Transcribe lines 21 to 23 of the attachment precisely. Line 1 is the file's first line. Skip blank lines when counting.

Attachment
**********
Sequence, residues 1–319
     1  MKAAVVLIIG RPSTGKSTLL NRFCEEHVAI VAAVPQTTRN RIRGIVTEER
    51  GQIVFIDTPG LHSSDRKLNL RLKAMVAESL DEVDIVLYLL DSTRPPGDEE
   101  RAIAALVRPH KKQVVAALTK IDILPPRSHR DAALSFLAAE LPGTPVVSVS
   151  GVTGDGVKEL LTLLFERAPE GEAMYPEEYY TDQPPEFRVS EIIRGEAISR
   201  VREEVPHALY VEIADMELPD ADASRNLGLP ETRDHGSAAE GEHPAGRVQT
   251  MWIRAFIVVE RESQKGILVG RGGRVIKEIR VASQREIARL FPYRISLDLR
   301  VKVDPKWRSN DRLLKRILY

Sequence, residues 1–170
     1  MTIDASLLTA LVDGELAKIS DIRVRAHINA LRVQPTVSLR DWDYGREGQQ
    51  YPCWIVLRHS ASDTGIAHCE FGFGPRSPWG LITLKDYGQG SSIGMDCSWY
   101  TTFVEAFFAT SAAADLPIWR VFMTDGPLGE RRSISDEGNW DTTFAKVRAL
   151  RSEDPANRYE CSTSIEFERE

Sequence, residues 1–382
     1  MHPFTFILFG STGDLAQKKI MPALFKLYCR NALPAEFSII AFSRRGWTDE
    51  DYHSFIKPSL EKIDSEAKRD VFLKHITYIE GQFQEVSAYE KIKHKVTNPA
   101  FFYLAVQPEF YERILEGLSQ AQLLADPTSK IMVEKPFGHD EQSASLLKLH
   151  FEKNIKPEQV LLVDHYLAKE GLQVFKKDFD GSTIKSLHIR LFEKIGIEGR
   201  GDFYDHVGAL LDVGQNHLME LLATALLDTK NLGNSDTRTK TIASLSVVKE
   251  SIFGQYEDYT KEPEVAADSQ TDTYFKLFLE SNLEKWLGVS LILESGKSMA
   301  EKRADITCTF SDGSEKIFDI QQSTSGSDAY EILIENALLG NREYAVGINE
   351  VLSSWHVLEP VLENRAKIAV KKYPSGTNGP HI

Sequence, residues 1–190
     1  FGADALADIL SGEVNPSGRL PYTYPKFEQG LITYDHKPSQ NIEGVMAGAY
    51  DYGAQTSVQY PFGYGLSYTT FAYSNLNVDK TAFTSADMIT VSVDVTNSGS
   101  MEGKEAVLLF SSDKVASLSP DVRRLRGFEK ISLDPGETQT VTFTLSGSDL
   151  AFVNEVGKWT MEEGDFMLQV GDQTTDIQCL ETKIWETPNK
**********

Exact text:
   301  EKRADITCTF SDGSEKIFDI QQSTSGSDAY EILIENALLG NREYAVGINE
   351  VLSSWHVLEP VLENRAKIAV KKYPSGTNGP HI

Sequence, residues 1–190